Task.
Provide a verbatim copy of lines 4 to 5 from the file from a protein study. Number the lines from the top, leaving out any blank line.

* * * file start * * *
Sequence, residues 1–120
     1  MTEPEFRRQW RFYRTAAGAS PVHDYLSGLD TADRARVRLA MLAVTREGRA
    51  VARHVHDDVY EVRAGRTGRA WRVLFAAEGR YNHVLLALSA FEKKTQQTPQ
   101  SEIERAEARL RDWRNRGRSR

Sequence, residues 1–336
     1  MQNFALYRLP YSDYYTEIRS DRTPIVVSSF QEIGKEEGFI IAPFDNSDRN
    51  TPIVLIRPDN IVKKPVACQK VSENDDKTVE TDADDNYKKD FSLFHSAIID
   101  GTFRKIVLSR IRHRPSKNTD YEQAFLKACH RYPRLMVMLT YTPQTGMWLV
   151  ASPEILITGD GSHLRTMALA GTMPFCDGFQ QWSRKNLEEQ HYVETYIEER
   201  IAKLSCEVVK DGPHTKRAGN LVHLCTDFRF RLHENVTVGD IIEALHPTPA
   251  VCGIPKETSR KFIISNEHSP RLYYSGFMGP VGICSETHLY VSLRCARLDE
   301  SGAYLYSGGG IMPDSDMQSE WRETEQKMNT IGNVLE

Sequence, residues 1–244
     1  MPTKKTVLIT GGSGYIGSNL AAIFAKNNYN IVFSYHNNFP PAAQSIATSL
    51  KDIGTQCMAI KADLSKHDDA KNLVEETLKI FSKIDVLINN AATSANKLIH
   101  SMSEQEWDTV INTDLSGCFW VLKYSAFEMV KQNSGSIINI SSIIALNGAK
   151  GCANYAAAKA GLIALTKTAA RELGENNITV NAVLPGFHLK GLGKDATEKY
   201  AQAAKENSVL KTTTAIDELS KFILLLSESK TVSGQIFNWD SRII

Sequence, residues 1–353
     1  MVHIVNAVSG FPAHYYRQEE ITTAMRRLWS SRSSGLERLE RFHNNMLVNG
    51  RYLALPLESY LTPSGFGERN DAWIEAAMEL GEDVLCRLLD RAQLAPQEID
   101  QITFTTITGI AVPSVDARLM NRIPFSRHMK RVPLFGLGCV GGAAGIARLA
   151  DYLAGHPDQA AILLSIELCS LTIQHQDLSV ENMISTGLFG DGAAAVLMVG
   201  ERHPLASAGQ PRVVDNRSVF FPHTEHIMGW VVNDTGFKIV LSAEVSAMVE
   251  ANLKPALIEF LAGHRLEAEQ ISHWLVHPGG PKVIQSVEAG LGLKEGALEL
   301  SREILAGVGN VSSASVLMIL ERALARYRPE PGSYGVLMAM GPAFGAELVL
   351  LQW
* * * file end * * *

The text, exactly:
   101  SEIERAEARL RDWRNRGRSR

Sequence, residues 1–336